Additionally, there are a few reports on coinfection of CMV and HSV in the lung. Among them, two patients received lung transplantation and one patient was an immunocompromised host [11, 12, 13]. To our knowledge, this is the first report on coinfection of CMV and HSV in an MPA patient.
In contrast, whenever clinicians encounter alveolar haemorrhage, they should consider the possibility of MPA [14, 15]. Clinicians should bear in mind that alveolar haemorrhage may appear in chronic and asymptomatic fashion [16].
In conclusion, clinicians and pathologists should recognise some causes of alveolar haemorrhage in MPA patients, which include DAD, haemorrhagic infarct, virus-associated vasculitis, or MPA-associated capillaritis.

The authors declare no conflict of interest.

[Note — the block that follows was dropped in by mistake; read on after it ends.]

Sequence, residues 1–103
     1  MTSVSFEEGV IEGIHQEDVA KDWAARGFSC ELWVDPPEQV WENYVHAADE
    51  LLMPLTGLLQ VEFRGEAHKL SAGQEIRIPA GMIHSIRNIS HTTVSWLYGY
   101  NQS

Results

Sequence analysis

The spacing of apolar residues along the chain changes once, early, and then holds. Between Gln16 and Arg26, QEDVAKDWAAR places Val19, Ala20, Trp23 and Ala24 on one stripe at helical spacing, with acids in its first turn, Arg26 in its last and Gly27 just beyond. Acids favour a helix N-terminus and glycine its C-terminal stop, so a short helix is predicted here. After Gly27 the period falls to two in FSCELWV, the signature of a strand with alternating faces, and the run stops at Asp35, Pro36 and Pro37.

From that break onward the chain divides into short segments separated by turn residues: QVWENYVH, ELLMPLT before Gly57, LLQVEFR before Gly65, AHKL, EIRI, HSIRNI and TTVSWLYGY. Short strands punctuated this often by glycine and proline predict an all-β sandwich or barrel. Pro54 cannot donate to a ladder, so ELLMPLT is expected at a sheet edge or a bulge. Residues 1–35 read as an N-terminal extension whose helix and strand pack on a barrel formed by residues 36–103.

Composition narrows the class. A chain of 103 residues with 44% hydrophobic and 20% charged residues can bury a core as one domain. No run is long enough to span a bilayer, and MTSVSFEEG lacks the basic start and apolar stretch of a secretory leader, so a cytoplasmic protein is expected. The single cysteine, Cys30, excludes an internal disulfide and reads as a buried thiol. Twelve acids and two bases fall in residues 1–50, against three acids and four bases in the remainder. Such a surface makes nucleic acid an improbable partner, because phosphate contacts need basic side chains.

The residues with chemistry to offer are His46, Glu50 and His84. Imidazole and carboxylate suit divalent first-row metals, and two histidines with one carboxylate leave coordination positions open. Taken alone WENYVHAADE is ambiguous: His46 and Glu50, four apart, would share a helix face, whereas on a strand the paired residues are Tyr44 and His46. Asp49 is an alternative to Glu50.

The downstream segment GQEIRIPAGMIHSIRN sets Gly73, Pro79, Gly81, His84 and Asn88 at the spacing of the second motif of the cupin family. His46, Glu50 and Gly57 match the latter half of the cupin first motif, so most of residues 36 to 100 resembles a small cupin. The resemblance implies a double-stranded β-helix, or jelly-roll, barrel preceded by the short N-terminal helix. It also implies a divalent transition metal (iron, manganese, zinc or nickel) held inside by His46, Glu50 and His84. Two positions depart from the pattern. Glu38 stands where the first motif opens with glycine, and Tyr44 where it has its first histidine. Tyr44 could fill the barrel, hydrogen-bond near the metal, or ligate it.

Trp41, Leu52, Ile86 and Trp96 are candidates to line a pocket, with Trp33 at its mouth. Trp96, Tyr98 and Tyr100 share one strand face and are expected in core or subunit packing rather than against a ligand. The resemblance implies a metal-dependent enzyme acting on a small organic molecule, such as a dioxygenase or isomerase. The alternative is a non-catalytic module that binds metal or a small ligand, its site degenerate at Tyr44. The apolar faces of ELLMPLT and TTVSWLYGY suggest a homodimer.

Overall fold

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Address for correspondence

Naoto Kuroda
Department of Pathology
Kochi Red Cross Hospital
Shin-honmachi 2-13-51, Kochi City
Kochi 780-8562, Japan
Copyright: © 2019 Polish Association of Pathologists and the Polish Branch of the International Academy of Pathology This is an Open Access article distributed under the terms of the Creative Commons Attribution-NonCommercial-ShareAlike 4.0 International (CC BY-NC-SA 4.0) License (http://creativecommons.org/licenses/by-nc-sa/4.0/), allowing third parties to copy and redistribute the material in any medium or format and to remix, transform, and build upon the material, provided the original work is properly cited and states its license.